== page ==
UBC Theses and Dissertations
An examination of differential survival in downstream migrating coho salmon smolts Sawada, Joel O.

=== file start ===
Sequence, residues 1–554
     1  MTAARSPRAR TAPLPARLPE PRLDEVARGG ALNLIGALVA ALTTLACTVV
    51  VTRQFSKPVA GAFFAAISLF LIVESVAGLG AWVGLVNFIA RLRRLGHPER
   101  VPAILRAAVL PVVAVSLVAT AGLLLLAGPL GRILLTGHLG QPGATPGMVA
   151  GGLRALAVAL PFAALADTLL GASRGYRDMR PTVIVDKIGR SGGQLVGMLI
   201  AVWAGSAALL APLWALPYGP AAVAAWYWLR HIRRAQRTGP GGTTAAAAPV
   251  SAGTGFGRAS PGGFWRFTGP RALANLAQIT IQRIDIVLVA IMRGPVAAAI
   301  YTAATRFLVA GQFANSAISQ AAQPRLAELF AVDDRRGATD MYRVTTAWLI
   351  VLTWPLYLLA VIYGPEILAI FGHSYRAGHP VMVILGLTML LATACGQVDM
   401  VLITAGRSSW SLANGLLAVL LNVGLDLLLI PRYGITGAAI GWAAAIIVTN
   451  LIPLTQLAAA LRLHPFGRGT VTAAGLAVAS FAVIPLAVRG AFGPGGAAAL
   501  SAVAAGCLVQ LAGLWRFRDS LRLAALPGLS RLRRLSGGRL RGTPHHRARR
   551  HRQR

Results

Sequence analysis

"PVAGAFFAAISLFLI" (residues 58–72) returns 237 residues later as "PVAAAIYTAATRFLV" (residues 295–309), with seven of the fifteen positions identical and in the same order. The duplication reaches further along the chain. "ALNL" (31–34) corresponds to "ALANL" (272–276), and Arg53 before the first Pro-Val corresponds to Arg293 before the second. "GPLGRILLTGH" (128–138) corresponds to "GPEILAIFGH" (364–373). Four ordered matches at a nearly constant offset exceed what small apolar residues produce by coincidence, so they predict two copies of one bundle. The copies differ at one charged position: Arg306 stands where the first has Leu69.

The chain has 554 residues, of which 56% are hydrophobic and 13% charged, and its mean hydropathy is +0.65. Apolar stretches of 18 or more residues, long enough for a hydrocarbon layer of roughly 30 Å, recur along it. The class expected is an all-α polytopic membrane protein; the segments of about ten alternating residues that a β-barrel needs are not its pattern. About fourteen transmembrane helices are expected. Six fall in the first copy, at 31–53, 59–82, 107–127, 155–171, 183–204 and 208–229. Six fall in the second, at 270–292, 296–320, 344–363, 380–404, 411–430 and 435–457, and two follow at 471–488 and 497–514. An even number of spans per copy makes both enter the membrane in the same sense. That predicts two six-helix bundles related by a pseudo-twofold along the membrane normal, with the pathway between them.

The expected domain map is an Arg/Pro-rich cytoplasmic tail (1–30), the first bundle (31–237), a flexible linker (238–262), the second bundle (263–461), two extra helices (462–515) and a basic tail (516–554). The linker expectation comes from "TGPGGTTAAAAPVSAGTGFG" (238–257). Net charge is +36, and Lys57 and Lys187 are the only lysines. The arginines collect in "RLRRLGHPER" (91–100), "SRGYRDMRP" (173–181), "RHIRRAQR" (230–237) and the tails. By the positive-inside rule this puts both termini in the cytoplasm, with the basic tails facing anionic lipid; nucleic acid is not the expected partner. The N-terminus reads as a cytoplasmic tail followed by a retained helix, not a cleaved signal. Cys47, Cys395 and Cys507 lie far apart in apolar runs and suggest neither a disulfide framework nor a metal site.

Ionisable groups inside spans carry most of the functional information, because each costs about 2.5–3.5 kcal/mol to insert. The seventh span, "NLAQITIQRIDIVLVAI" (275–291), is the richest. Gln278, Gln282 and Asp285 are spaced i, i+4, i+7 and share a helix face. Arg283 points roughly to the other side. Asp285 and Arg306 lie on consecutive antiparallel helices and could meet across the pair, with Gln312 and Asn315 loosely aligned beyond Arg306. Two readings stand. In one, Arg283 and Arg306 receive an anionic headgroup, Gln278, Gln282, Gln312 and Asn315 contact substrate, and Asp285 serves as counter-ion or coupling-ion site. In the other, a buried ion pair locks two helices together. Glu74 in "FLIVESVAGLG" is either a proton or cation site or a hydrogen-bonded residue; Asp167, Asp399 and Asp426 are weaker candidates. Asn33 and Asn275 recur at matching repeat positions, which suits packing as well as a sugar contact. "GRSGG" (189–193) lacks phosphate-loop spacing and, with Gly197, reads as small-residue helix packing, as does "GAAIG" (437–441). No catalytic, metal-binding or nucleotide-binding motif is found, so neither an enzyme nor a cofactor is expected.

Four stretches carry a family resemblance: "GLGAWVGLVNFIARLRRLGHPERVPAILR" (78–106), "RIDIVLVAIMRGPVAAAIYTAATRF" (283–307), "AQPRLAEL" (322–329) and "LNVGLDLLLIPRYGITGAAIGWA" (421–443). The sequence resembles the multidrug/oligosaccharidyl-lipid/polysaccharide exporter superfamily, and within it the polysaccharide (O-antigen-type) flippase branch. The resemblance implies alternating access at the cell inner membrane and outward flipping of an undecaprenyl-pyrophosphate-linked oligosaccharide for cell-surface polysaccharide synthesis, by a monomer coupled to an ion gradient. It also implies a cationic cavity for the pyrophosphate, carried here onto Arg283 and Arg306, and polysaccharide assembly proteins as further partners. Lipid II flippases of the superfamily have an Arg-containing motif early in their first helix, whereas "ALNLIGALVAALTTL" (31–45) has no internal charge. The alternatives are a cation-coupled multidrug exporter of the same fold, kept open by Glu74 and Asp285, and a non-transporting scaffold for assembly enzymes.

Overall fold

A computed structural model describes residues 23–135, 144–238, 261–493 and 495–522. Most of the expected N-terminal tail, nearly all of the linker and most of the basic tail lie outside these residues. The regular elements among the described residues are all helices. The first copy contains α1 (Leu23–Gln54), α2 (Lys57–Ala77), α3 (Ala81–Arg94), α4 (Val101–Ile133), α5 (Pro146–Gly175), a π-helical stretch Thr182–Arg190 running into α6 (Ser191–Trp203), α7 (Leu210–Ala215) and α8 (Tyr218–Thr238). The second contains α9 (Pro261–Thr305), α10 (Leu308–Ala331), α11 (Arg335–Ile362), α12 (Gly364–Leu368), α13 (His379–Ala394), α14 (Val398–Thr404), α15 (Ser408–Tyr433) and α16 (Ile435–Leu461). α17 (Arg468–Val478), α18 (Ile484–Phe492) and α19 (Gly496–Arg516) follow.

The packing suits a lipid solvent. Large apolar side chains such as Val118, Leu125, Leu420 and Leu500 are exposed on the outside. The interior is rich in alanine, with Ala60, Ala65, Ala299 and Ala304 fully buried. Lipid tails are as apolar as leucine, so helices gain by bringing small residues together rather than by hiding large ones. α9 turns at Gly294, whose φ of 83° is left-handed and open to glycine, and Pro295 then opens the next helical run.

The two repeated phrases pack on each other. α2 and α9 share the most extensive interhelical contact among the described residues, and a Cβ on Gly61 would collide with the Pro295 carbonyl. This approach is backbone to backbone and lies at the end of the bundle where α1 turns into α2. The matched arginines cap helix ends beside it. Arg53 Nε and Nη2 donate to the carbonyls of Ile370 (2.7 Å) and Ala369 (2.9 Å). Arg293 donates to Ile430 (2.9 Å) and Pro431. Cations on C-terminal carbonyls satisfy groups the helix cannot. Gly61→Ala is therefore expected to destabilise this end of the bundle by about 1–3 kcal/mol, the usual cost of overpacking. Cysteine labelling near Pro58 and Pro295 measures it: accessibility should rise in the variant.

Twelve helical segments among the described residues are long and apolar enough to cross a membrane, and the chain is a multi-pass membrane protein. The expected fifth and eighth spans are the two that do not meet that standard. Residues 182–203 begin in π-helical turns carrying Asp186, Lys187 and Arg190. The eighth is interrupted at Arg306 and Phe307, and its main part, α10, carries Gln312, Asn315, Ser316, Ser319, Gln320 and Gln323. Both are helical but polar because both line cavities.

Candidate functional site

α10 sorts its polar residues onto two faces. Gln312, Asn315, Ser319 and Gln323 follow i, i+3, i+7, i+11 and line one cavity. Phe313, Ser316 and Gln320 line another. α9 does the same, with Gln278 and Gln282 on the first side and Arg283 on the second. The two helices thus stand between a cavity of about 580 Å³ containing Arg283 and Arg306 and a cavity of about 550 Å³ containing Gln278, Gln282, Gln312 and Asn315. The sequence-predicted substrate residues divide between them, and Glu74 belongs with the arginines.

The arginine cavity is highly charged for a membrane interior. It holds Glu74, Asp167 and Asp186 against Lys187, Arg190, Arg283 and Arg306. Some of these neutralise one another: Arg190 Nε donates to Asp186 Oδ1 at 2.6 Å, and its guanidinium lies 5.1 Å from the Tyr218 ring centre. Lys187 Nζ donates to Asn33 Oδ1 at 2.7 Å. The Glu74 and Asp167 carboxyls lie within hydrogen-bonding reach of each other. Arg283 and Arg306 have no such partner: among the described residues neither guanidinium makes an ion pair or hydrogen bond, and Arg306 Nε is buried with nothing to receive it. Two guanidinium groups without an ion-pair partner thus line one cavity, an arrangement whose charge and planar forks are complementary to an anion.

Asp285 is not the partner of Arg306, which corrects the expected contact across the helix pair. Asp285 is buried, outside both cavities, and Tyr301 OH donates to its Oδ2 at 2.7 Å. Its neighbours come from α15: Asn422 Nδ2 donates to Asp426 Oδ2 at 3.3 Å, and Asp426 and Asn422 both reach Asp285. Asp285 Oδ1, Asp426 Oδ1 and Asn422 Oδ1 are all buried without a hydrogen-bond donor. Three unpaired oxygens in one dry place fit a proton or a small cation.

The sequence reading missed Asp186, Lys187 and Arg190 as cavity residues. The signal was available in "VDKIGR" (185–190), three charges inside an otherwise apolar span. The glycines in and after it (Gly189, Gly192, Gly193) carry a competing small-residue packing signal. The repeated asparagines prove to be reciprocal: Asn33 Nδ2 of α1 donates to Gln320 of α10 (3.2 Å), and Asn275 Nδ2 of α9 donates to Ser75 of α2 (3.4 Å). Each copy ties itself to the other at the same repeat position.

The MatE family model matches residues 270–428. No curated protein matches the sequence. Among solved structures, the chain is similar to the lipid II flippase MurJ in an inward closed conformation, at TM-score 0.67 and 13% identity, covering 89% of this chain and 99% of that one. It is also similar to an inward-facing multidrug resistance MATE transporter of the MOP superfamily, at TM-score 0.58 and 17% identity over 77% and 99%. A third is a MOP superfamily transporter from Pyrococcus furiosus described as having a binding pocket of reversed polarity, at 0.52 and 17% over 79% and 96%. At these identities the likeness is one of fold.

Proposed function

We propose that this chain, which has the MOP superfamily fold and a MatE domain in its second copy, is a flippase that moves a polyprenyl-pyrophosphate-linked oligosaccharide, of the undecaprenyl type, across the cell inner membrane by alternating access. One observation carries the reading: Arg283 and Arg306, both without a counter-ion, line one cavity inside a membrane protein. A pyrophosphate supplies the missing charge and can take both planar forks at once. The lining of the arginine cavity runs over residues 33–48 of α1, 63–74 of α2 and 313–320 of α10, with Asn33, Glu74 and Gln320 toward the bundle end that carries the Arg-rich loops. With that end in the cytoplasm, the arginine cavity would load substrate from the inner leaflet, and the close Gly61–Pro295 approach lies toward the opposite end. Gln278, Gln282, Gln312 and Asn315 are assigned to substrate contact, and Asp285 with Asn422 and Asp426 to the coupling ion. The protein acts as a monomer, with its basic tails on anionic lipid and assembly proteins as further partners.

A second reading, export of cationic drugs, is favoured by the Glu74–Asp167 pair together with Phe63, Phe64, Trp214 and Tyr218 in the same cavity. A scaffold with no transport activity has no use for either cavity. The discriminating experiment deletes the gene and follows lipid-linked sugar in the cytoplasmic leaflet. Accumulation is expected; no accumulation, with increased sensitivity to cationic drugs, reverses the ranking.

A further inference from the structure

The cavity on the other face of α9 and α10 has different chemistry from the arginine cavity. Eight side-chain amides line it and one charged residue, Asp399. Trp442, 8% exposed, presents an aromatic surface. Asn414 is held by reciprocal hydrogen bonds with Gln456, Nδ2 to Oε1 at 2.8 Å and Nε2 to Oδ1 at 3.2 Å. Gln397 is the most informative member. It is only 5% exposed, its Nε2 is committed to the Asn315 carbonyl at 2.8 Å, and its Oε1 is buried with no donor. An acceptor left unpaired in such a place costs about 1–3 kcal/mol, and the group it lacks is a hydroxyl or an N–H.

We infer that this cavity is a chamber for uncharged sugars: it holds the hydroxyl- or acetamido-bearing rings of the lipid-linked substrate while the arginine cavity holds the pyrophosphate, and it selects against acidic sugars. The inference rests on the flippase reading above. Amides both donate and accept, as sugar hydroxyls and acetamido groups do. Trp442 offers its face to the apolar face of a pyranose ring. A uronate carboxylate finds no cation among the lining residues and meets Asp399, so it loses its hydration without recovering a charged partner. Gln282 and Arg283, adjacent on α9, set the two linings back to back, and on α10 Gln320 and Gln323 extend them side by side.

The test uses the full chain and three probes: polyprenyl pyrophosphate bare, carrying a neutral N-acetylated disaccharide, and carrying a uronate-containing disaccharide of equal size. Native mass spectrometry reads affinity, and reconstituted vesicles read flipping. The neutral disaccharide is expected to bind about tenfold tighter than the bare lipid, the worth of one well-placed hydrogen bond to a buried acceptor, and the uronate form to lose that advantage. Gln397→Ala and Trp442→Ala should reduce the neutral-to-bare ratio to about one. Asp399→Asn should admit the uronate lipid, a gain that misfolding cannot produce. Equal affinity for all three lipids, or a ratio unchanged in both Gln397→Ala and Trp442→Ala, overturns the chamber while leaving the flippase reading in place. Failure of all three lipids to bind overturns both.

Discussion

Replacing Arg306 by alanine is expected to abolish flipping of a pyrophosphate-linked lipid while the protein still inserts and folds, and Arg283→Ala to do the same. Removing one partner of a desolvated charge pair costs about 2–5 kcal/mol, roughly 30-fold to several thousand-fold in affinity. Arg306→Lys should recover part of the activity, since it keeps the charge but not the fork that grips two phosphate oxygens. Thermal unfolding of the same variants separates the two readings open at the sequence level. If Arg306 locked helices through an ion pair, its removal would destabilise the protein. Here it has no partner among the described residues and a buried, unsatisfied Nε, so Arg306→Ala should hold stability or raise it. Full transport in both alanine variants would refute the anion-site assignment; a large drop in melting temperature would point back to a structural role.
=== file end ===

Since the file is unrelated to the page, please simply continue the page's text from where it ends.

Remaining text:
The smolt stage of the life history of Pacific salmon (Onchorhynchus sp.) has received little attention relative to the other life history stages. I examined mortality during the downstream migration of coho salmon (0. kisutch) smolts by trapping and marking smolts high in the watershed and recapturing the fish near the ocean. Four study sites were used, two in the upper watershed and two in the lower watershed. At both distances, lake-type and stream-type habitats were sampled. Factors which were found to influence survival included: 1) distance of migration, lower survival with increased migration distance; 2) juvenile rearing habitat, stream-type fish had higher survival; and 3) the timing of migration, fish migrating early in the season survived better. A fourth factor examined, the length of the fish at migration, did not influence survival. Although length did not affect survival, it was found that the center of the length distribution often had higher survival than the tails of the distribution, regardless of the absolute length. I performed two separate experiments to assess the effects of handling on fish survival. These experiments did not indicate my handling the fish affected survival. This thesis establishes differential survival occurs in salmon smolts, however the mechanisms causing differential survival are not known.
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